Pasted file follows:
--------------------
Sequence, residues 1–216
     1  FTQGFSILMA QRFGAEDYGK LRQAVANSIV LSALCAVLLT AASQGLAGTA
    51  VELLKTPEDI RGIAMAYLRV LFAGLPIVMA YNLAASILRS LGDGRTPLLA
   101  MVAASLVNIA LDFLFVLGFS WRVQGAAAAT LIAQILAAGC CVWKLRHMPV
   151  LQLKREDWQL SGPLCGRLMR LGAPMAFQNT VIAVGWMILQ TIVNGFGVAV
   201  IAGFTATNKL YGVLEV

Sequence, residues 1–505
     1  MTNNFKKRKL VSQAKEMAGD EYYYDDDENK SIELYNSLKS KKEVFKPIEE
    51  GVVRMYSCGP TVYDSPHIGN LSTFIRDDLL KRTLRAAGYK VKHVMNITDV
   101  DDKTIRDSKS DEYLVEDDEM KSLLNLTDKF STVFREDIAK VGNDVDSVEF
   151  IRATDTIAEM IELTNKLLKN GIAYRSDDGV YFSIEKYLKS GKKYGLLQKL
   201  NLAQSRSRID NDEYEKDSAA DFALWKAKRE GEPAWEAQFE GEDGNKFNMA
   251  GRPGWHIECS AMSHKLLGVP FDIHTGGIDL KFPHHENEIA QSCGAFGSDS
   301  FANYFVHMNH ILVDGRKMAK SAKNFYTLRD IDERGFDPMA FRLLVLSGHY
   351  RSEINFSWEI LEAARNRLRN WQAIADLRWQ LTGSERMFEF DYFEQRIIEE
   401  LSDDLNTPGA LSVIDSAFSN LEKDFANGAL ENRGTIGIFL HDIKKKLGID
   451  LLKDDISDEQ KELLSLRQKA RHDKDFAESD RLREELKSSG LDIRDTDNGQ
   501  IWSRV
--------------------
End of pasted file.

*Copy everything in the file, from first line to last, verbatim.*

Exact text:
Sequence, residues 1–216
     1  FTQGFSILMA QRFGAEDYGK LRQAVANSIV LSALCAVLLT AASQGLAGTA
    51  VELLKTPEDI RGIAMAYLRV LFAGLPIVMA YNLAASILRS LGDGRTPLLA
   101  MVAASLVNIA LDFLFVLGFS WRVQGAAAAT LIAQILAAGC CVWKLRHMPV
   151  LQLKREDWQL SGPLCGRLMR LGAPMAFQNT VIAVGWMILQ TIVNGFGVAV
   201  IAGFTATNKL YGVLEV

Sequence, residues 1–505
     1  MTNNFKKRKL VSQAKEMAGD EYYYDDDENK SIELYNSLKS KKEVFKPIEE
    51  GVVRMYSCGP TVYDSPHIGN LSTFIRDDLL KRTLRAAGYK VKHVMNITDV
   101  DDKTIRDSKS DEYLVEDDEM KSLLNLTDKF STVFREDIAK VGNDVDSVEF
   151  IRATDTIAEM IELTNKLLKN GIAYRSDDGV YFSIEKYLKS GKKYGLLQKL
   201  NLAQSRSRID NDEYEKDSAA DFALWKAKRE GEPAWEAQFE GEDGNKFNMA
   251  GRPGWHIECS AMSHKLLGVP FDIHTGGIDL KFPHHENEIA QSCGAFGSDS
   301  FANYFVHMNH ILVDGRKMAK SAKNFYTLRD IDERGFDPMA FRLLVLSGHY
   351  RSEINFSWEI LEAARNRLRN WQAIADLRWQ LTGSERMFEF DYFEQRIIEE
   401  LSDDLNTPGA LSVIDSAFSN LEKDFANGAL ENRGTIGIFL HDIKKKLGID
   451  LLKDDISDEQ KELLSLRQKA RHDKDFAESD RLREELKSSG LDIRDTDNGQ
   501  IWSRV